Posted on April 28, 2013 by Maria
Chris Stedman's book "Faitheist" is subtitled "How an Atheist Found Common Ground with the Religious". For the purpose of this post, let's define religion as the belief in God or the supernatural; in other words, theism. (There is a lot of disagreement about defining religion in this way, particularly amongst "religious humanists", but since this is the way Stedman defines it in his book, let's stick with that.) The book is a personal narrative, a memoir by a twenty-something (strange as that may sound), about starting without religion, finding religion and then losing religion. Along the way Stedman finds a "calling" of sorts to encourage more service work among the non-religious and to bring atheists into the interfaith movement.
Unlike many who lose their religion, Stedman didn't replace belief with sneering disdain. While he went from religious to atheist, he never went the extra step to antireligious. Why?
"For the most part, the antireligious claims I encountered weren't considered critiques of theology, which I've often relished in both academic and interpersonal contexts; they were based in a willful ignorance of what it actually means to be religious and of the way religious lives are lived, and turned religious people into a cheaply mocked caricature."
He never became antireligious because he had relationships with people who were religious, including Eboo Patel, Stedman's boss when he worked at the Interfaith Youth Corps that Patel founded. Stedman never became antireligious because he knew people whose characters and actions didn't fit the caricature.
To most of his atheist colleagues, the idea of interfaith participation made no sense. "When the majority of prominent atheist-identified thought leaders name "the end of faith" as one of the movements top priorities, the idea of participating in organized interfaith efforts can seem contradictory." Not only was it contradictory, it was anathema and resulted in a great deal of vitriol directed at Stedman for even suggesting such a thing.
The idea doesn't seem contradictory to most Humanist Unitarian Universalists. To most of us, that "Common Ground" that Stedman talks about is literal: it is a white-steepled building, often called First Parish, with a weather vane on top instead of a cross or it is a modern meeting hall with stained glass windows depicting flowers, planets or a sunrise. Unitarian Universalists know from interfaith. Because we consider faith to be a personal matter, there is no dogma or creed that unites us, only adherence to seven principles that almost directly parallel the latest Humanist Manifesto. It's almost a cliché in UU circles to paraphrase John Wesley, “We need not think alike to love alike.” Another UU chestnut is the "You're a Theist, I'm a Humanist" song. It pokes fun at the fact that the Humanism-theism debate has been going on in congregations for a very long time but that we still end up friends in the end.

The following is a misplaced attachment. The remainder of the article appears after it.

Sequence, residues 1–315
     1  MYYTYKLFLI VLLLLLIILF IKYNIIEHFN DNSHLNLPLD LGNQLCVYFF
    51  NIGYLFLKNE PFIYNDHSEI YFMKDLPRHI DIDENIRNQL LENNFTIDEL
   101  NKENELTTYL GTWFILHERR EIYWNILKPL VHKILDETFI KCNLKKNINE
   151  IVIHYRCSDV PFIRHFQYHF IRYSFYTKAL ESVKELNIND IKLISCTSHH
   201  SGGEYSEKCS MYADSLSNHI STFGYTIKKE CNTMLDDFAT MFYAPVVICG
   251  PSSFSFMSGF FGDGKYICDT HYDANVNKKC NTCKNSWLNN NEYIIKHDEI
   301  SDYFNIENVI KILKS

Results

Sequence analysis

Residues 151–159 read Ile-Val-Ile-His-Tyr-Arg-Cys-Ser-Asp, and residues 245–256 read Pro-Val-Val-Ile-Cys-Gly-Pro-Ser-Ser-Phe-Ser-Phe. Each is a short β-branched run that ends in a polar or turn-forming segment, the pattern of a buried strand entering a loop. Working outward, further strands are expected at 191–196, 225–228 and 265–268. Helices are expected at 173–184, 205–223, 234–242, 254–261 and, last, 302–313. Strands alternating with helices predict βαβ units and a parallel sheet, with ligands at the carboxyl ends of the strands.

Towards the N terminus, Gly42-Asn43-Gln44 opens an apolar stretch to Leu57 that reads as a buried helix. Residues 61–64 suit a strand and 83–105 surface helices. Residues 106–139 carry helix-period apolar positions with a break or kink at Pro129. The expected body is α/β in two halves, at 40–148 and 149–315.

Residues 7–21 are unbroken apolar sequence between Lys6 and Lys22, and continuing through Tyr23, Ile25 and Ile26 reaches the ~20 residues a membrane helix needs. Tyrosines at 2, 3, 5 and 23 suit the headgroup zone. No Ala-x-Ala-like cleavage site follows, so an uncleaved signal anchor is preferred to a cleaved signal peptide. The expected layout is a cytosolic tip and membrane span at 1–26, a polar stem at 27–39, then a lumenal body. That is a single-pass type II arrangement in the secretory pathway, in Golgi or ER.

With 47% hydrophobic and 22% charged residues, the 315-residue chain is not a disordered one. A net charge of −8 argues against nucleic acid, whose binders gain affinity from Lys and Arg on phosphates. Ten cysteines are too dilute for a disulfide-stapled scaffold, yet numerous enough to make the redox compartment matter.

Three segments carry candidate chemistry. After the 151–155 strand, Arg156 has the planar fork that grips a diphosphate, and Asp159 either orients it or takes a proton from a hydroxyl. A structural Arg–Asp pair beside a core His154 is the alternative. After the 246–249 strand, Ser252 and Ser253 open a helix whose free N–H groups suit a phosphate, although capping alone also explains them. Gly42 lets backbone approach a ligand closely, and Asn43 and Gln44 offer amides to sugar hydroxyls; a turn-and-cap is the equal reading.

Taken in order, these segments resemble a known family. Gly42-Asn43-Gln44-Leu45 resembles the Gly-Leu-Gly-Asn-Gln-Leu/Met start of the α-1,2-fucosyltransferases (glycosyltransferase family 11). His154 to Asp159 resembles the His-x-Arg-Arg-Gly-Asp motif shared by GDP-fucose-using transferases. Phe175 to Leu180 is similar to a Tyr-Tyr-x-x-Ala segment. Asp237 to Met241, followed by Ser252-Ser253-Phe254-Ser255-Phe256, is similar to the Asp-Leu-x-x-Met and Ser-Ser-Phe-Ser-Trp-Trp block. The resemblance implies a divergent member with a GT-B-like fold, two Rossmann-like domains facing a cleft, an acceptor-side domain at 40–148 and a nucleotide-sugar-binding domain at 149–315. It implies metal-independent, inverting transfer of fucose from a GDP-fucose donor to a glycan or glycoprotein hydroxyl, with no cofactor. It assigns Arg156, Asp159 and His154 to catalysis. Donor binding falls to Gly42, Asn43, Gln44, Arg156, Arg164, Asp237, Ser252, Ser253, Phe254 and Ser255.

Everyone agrees that humans are social creatures and that (most of us) thrive in community. We are also more effective at taking action when we do it together. Being part of a Unitarian Universalist congregation is not for everyone, particularly not for those atheists who consider it "accommodationist" to work and socialize with people with whom they disagree regarding metaphysics. But how many of us are completely fixed in our thoughts about religion? Most anti-atheists accuse us of being arrogant, negative and selfish. This is certainly a caricature and a stereotype. As the LGBT movement taught us (something that Stedman also shows a great deal of experience with in his book), the best way dispel a stereotype is to have a relationship with the "other". By being openly atheist in UU communities where the overriding demands are service, compassion and thoughtfulness, we are showing people that their stereotypes are wrong. By standing up for reason within those communities, we are showing open-minded people that there is an alternative to supernaturalism that also leads to fulfillment and, for many people, that is their path to Humanism.
I guess it is not surprising that I see much of Unitarian Universalism in "Faitheist", after all Stedman got a master's degree from Meadville Lombard Theological School which is primarily a seminary for UU ministers, and the book was published by Beacon Press, the publishing arm of the Unitarian Universalist Association. In fact, I was surprised to see so little of UUism in the book. Why is that? Is Humanism within UUism such a lost cause that Stedman would prefer not to be associated with it? There are approximately 160,000 UUs in America, roughly half of whom identify as Humanists. That's a big opportunity for organized Humanism! A CBS documentary "Religion & Spirituality in a Changing Society", recently profiled the UUA and the Harvard Humanists in Cambridge, MA where Stedman now works as two successful communities that are attractive to the "Nones", those without any affiliation with organized religion. That's a big opportunity for UUism!
Like Chris Stedman, I guess I'm a faitheist; I don't accept caricatures. I think engagement is better than estrangement. I won't politely ignore our differences if you are motivated by your belief in God -- I will ask you about your beliefs and share mine. Then we'll get down to work together.
I especially liked your reference to "You're a Theist, I'm a Humanist". I got linked to Humanism by reading "Good Without God". Thanks for your thoughts about Chris Stedman. I'm going to buy "Faithest". I used to like the UU church, but am not excited about my local UU church. Maybe that is what happened to Chris.
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